Many of us have a ‘Christmas Hits’ cd, which we get out every Christmas. Or we might source a similar playlist from Spotify. One of the most well known ‘Christmas Hits’ is ‘Driving home for Christmas’ by Chris Rea.
Its a familiar, enduring image. Many of us will have done it, or will be doing it this Christmas. Travelled distances to gather together with our loved ones. This is how we think of Christmas. It is how it is sold. Literally. The happy family gathered around the tree. The floor astrewn with presents. A dining table packed high with goodies, food and drink. Happy, smiling faces. Its a lovely image. We want to believe it. We want to believe it for ourselves and for others. For some it rings true, this ‘homely Christmas’. But for many it doesn’t.
It wasn’t true for the original Christmas family – Mary, Joseph and the newborn Jesus. In fact, for all of the characters in the original Christmas story, none of them were at ‘home’. Think about it…
For the angels, their home was in the spiritual dimension the Bible calls ‘Heaven’.
First century Palestinian shepherds were a nomadic people. Rootless wanderers, considered as an under-class and looked down on.
Although they had travelled to the home city of their ancestors – Bethlehem – Mary and Joseph were far from their actual home, which was Nazareth in the region of Galilee. In this sense we could say they were temporarily ‘homeless’. Without shelter, until they were ‘vulnerably accommodated’ in what was probably an outhouse for sheltering pack animals of those who had come to Bethlehem for the census.
The Wise Men, or Magi – who visited Jesus some time after the birth, were far from their homelands in the region now known as Central Asia (possibly Persia/Iran), and had been on the road for months, perhaps years, following, as they were star charts that led them to where the Holy Family was.
After the Magi had left Jesus, he was forced to leave his homeland in hurry, under threat from the despotic King Herod, who was looking to kill him, and to take refuge in nearby Egypt (hardly a safe place for Jews at the time). Jesus and his parents were refugees.
In one sense then Jesus was born ‘homeless’, surrounded by displaced people. There have always been homeless people, it is true. Jesus himself said that ‘the poor you will always have WITH you’ (with the accent on ‘with’ – the poor are with us. They are us). Yet, homelessness in the UK has reached epidemic proportions – driven I believe by welfare ‘reforms’. Here’s some recent stats:
When I first arrived in Liverpool I helped set up the Liverpool City Centre Street Pastors initiative, aimed at assisting the police, the emergency services, and the local authority in looking after vulnerable people on the streets of the city centre from 10pm to 5am on weekend evenings. The initiative is still going strong. You may have seen the Street Pastors yourselves when you’ve been out on the streets of our towns and cities. They are all volunteers from local churches. As Street Pastors we came across and tried to help homeless people whenever we could. We often met the same characters, some of which had been rough sleeping for years. Others were ex-service people, ex-offenders, and young adults who had found themselves on the streets for a whole host of reasons. I can tell you, visiting Liverpool city centre over the last year, their numbers have risen significantly and shockingly.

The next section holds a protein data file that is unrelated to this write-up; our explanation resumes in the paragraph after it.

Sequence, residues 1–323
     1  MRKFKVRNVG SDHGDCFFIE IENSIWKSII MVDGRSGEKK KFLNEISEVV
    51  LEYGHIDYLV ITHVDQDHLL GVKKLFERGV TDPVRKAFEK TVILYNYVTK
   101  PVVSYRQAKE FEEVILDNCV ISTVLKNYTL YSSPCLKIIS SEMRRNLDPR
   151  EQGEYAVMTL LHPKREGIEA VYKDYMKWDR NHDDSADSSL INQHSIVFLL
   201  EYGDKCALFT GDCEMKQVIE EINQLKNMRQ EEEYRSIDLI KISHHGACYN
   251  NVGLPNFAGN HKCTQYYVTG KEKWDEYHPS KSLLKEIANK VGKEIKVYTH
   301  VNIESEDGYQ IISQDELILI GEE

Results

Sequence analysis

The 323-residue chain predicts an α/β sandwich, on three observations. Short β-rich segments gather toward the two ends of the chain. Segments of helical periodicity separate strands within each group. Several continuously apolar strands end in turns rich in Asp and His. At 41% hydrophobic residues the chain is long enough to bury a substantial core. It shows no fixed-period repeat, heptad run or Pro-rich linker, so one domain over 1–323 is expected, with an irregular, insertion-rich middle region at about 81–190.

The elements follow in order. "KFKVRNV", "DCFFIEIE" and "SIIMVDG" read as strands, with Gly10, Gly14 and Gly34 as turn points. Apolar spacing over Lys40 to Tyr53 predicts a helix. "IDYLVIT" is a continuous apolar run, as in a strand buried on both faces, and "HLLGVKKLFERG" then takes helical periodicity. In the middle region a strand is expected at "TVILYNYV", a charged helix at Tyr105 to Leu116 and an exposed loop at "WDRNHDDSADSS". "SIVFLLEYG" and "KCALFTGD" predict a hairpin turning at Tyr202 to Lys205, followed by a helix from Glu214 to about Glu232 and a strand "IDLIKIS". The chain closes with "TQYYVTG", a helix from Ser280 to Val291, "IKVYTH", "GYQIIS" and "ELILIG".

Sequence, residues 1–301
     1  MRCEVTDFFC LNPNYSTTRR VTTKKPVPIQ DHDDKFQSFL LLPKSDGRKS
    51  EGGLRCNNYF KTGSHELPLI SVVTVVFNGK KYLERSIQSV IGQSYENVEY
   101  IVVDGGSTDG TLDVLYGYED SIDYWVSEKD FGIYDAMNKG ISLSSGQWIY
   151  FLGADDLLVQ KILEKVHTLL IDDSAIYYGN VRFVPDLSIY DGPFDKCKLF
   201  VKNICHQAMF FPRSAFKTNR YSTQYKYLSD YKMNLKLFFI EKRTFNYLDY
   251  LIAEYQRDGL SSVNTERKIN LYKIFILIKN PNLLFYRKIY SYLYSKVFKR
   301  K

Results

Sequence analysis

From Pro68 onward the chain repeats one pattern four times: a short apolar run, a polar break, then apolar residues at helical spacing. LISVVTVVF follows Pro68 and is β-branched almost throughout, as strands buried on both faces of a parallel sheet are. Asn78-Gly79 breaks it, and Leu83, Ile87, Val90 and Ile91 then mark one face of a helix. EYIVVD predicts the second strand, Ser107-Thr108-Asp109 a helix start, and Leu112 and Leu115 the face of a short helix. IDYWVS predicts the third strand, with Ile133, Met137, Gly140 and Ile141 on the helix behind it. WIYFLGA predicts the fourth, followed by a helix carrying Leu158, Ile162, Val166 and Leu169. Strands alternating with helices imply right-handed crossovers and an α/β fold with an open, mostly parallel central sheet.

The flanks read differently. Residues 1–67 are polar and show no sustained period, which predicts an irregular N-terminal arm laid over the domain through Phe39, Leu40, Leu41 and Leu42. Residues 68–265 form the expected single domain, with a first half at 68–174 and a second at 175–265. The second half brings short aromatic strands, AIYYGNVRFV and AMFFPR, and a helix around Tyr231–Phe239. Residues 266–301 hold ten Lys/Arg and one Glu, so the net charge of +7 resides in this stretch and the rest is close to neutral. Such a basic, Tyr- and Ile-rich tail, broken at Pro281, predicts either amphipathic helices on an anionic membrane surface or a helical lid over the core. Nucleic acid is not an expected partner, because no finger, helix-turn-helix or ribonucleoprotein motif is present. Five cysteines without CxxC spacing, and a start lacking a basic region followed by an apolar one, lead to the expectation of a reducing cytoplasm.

Spare a thought, or even better a prayer, for the homeless, the vulnerably accommodated, refugees and migrants this Christmas. How about taking something with you, a gift to give a homeless person next time you are in town? I was moved by a news piece on the tv the other evening about a six year old boy who was handing out woolly hats and gloves to rough sleepers. A really lovely gesture. Childlike gestures are often the most effective.
As Jesus-followers, we worship a homeless saviour. In adulthood Jesus said of himself, “Foxes have dens and birds have nests, but the Son of Man has no place to lay his head.” (Luke 9: 58).
In one sense then Jesus was born ‘homeless’ – displaced. Yet in another sense Jesus was born and made his home, not in a particular ‘place’, but in the world. Those who gathered around his birth – Mary, Joseph, the angels, shepherds, Magi, the animals who may have been there (there may have been other people, who knows?) – they had made their ‘home’ with Him.
Let us invite Jesus into our homes and to our table this Christmas. C.S. Lewis calls Jesus the ‘unseen guest’. Our Bishop, Paul., speaks of the ‘poor man at the table’. ‘Christ Mass’ literally means ‘The Feast of Christ’. Whoever and wherever we are this Christmas, we can be ‘at home’ with Jesus, the One who makes His ‘home’ with us.
Keith Hitchman, Christmas 2017